“You could increase the payroll tax to 3.66% or
cut payments to hospitals and nursing homes by 16%”

As in past years, US Treasury Secretary Steven Mnuchin tried to calm fears and reassure the public that Medicare is secure. Given the pervasive and passionate public support for Medicare, such reassurance is reasonable. Mnuchin went on to say, “The Medicare Hospital Insurance program is on track to meet its obligations to beneficiaries until 2026, the same as reported last year.”  True statement. But now we have one less year to fix it. Medicare’s hospital program will be completely bankrupt in six years or sooner with the pandemic. The 2020 report explains that the hospital fund is already losing money (estimated at $5.8 billion loss for 2019). The loss for 2020 is expected to be $9.2 billion. By 2022, losses mount to $23B and skyrocket until the fund’s demise in 2026. The government can meet its obligations to about 2025, but after that, it reneges on its promises.


Two Things Consumers Can Do to Help Fix Medicare

What can consumers do to help ensure Medicare is around for the long haul?  Here are two actions you can take:

1. Be as healthy as you can be, regardless of age.

The biggest drivers of healthcare costs are illness and injury. It is well-known that poor diet and lack of physical activity contribute to many chronic illnesses, disability, and early death. Consumers can apply self-discipline to better eating and greater exercise, consistent with their income and neighborhood. Eat your fruits and vegetables. Exercise five times a week for a half-hour each. Plus, do muscle-strengthening exercises at least twice a week. CDC reports that exercising has improved in people age 65-plus between 2016 and 2018. Still, only 16.4% of people ages 65 to 74, and only 10.2% ages 75-plus met both leisure time physical activity guidelines for aerobic and muscle-strengthening. We know we can do better. Help save Medicare by your personal actions and choices.

2. Stay on top of health care issues.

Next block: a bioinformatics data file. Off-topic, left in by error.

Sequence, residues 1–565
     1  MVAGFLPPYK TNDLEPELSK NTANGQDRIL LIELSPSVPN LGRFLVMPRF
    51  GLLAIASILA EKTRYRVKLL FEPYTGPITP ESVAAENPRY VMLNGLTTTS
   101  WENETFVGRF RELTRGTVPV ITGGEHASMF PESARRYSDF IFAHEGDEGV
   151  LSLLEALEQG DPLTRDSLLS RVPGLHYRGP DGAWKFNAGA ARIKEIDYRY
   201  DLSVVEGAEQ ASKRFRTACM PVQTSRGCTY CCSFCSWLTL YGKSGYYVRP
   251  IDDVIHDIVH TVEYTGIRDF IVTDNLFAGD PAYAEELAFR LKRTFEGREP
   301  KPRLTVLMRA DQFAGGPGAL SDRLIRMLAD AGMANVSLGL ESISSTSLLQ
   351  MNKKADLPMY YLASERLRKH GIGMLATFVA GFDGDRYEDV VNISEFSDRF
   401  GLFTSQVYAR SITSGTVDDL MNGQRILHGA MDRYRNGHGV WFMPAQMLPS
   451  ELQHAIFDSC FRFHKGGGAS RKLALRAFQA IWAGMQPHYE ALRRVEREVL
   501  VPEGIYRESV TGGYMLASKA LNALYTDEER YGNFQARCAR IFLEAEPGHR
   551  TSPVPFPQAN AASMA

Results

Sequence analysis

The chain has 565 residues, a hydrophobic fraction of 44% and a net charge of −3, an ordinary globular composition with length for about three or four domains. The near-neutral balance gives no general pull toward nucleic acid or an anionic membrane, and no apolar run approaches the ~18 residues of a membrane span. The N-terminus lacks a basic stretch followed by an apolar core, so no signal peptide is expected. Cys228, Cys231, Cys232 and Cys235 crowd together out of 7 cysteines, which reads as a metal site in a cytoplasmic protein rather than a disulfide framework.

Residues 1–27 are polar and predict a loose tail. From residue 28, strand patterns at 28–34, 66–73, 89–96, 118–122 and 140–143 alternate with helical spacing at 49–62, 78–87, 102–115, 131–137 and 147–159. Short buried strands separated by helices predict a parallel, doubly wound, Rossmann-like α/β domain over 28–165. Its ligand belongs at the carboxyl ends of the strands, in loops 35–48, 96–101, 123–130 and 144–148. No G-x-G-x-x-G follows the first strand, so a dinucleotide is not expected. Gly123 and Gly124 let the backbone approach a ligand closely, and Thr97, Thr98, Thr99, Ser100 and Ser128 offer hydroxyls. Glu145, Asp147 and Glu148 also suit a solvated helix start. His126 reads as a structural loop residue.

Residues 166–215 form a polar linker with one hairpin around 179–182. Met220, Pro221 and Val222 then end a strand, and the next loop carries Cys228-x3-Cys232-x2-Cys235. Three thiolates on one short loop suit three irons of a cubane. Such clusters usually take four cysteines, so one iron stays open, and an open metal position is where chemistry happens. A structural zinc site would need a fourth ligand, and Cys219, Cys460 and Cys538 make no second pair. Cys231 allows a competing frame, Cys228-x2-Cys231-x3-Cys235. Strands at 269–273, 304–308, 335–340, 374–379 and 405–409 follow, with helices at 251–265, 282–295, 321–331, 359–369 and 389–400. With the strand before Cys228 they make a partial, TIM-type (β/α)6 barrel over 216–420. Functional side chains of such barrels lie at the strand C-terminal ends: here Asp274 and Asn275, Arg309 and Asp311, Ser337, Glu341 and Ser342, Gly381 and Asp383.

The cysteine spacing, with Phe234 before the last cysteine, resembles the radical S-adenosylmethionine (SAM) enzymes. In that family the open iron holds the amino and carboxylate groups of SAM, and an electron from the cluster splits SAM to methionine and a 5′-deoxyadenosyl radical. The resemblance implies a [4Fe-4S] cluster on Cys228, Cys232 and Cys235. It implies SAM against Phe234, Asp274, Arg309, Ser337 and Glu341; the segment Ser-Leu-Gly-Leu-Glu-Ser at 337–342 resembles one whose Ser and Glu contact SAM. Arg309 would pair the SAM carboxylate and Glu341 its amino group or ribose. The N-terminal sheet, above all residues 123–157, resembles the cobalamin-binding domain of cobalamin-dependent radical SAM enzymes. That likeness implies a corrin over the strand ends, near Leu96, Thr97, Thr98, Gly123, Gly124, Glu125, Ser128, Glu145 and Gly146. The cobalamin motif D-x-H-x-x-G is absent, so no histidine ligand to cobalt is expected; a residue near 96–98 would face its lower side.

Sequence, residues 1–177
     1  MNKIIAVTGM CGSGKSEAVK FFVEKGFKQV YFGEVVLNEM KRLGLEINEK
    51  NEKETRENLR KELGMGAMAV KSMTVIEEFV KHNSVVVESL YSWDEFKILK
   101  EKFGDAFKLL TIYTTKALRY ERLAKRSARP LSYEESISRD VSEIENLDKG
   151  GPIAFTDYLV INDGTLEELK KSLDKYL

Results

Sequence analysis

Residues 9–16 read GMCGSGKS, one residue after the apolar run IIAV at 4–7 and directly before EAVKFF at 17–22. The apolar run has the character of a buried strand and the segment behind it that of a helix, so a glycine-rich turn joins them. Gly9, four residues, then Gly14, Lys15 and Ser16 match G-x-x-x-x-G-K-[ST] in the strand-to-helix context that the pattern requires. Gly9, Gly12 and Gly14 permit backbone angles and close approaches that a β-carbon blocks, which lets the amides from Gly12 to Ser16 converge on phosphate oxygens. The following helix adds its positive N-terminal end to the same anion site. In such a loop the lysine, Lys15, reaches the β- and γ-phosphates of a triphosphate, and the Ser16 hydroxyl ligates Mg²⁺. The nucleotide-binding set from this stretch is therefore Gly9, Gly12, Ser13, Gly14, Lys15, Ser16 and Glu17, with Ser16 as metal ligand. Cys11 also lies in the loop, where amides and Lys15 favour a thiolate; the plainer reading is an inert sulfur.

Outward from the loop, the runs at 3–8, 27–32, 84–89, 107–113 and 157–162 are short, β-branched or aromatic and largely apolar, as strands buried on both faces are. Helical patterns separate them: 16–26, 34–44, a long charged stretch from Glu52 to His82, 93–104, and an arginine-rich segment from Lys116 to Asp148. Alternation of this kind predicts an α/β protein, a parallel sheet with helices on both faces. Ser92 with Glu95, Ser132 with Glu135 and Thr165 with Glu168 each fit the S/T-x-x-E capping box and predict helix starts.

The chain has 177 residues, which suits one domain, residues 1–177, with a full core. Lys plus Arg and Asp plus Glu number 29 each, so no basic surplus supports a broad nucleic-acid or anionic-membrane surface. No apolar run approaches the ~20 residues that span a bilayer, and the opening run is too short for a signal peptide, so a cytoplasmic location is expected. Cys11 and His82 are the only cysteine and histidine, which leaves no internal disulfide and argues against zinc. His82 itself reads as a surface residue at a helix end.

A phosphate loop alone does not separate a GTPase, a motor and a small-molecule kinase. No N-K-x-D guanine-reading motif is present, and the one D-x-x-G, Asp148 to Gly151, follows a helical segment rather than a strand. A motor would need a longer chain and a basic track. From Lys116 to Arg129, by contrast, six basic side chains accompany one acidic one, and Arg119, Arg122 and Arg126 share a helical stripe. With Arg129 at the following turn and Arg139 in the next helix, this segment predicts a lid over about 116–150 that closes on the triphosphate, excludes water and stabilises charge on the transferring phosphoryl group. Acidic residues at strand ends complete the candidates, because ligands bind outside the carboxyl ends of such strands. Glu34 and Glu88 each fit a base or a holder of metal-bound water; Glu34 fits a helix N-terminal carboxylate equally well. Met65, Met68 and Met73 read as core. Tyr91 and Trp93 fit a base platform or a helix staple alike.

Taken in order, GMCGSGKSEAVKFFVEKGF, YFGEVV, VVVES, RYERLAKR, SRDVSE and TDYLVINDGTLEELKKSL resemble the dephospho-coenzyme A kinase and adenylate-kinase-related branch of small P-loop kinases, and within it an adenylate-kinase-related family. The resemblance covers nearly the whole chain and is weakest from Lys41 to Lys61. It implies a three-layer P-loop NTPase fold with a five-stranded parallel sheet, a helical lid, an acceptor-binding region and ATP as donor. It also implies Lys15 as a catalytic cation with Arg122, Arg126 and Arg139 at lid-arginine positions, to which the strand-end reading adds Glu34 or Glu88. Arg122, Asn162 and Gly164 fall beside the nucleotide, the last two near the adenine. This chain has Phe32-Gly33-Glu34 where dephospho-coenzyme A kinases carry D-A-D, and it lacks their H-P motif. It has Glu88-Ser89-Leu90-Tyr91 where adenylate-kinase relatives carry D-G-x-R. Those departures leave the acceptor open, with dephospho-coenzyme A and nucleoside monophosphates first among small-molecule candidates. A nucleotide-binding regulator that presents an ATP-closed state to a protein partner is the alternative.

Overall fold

According to the Kaiser Health Tracking Poll published in February of 2020, healthcare was one of the top two issues that people say are the most important in the 2020 Presidential election. Health care was the top priority, cited by 26%. The economy came in a close second, mentioned by 23% of people. Democrats and Independents listed health care on top. Republican voters favored the economy (35% cited it as their top issue). For Republicans, healthcare was their 4th top issue (cited by 12%), behind immigration (#2) and foreign policy/national security (#3). With the Medicare fund warning, it’s important to ask our elected leaders to use their knowledge, compassion, and courage to fix the problem. One of the challenges in the past, is that any funds taken out of Medicare, often are tacked on to the prices that private health insurance plans must pay. And that can drive hikes in what everyone pays for in monthly premiums, even those too young to be on Medicare. Everyone has a stake in this fight.


We welcome your comments about healthcare costs and the value of Medicare. (We ask for your email, but do not show it to the public. It will be kept private.)

  • To compare costs and prices among hospitals and other healthcare providers, see Healthcare Costs  at Consumer Health Ratings

  • To learn more about what Medicare pays for care, see Medicare at Consumer Health Ratings

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  • Patricia Ruge

    I am on SSDI. I worked very hard to get my benefits. It took me 2 years with four (4) doctors, $7000.00 of my own money and attorney!! My disability is anxiety; my psychologist told me: “…. Patty, you have anxiety off the charts.” I have never forgotten that comment. So, yes I am very concerned. Let me know if I need to do anything to prevent this event from happening.